Largely thanks to marketing, which trumpets many things as "revolutionary," to say something was "revolutionary" doesn't mean much. It is important to bear in mind, however, that up until that point the status of Gentiles in the nascent Christian church was very unclear, But then, it's very likely the case Christian Gentiles were practically non-existent. Those Gentiles who were Christians were probably also observant Jewish converts. Stated simply, the primitive Church in Jerusalem remained deeply rooted in Judaism. Hence, it was not entirely distinguishable, even to its members, as something other than a form of Messianic Judaism.
In his Letter to the Galatians, Paul more clearly expounds the revolutionary nature of what happened at Cornelius's house- the second Pentecost event:
For all of you who were baptized into Christ have clothed yourselves with Christ. There is neither Jew nor Greek, there is neither slave nor free person, there is not male and female; for you are all one in Christ Jesus. And if you belong to Christ, then you are Abraham’s descendant, heirs according to the promise (Gal 3:27-29)
Using the passage from Isaiah 42 as our first reading we can make reference not only Jesus's Baptism by John in the river Jordan but to his confirmation as well: "Upon [my servant] I have put my spirit" (Is 42:1). Yes, Jesus's identity as the Only Begotten Son of the Father in the flesh, which was revealed in Baptism, was confirmed as he came up out of the water and "the holy Spirit descended upon him in bodily form like a dove. And a voice came from heaven, 'You are my beloved Son; with you I am well pleased'" (Luke 3:22). There was not a bishop in miter and crozier with a vial of Chrism waiting on the other side of the Jordan. Rather, he was anointed with the Spirit and his divine Sonship was announced by the Father.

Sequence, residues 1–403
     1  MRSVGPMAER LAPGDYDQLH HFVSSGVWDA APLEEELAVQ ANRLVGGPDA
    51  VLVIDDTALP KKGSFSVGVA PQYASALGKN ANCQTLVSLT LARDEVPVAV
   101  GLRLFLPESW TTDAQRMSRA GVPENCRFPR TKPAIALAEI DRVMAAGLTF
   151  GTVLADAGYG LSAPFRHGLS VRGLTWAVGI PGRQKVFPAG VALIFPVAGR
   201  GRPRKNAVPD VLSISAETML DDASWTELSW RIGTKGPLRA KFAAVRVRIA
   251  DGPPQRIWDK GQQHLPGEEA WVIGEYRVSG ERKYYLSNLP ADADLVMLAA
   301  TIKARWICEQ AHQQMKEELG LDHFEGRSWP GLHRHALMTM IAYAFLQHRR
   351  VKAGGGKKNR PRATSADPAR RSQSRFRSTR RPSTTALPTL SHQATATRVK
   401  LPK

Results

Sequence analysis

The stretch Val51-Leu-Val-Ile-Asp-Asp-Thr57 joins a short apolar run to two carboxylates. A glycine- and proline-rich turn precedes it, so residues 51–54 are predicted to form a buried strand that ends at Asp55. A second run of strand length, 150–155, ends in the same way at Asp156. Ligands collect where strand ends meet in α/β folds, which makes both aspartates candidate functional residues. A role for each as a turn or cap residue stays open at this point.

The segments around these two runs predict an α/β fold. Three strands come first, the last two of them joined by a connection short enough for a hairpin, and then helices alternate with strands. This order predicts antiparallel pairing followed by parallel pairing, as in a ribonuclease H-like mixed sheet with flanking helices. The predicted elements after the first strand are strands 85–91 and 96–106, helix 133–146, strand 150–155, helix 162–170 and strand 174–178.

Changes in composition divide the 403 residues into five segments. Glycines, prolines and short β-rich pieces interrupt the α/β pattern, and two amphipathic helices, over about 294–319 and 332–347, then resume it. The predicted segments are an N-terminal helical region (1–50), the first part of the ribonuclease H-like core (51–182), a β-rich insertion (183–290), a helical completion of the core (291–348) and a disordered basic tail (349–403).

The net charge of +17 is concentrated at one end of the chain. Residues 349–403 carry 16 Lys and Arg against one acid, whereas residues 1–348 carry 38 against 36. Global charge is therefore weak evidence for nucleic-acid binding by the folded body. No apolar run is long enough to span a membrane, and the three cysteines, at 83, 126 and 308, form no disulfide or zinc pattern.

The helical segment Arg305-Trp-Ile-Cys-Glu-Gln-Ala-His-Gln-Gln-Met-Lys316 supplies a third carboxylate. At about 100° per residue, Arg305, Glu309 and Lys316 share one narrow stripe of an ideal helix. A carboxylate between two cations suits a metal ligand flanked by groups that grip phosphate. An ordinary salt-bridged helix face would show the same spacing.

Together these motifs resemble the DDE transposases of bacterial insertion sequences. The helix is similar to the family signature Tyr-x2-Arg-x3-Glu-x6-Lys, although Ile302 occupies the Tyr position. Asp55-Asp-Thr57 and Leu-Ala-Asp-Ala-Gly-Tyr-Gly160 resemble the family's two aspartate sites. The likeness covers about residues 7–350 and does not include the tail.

Moreover, the passage from Isaiah 42 focuses on God bringing about justice through his anointed servant. It was to bring about justice in the world that God called Israel. Jesus, the Messiah (i.e., "Anointed"), is the crowning achievement of what God accomplished through Israel. It is Christ who opens "the eyes of the blind," who brings "out prisoners from confinement, and from the dungeon, those who live in darkness" (Isa 42:7).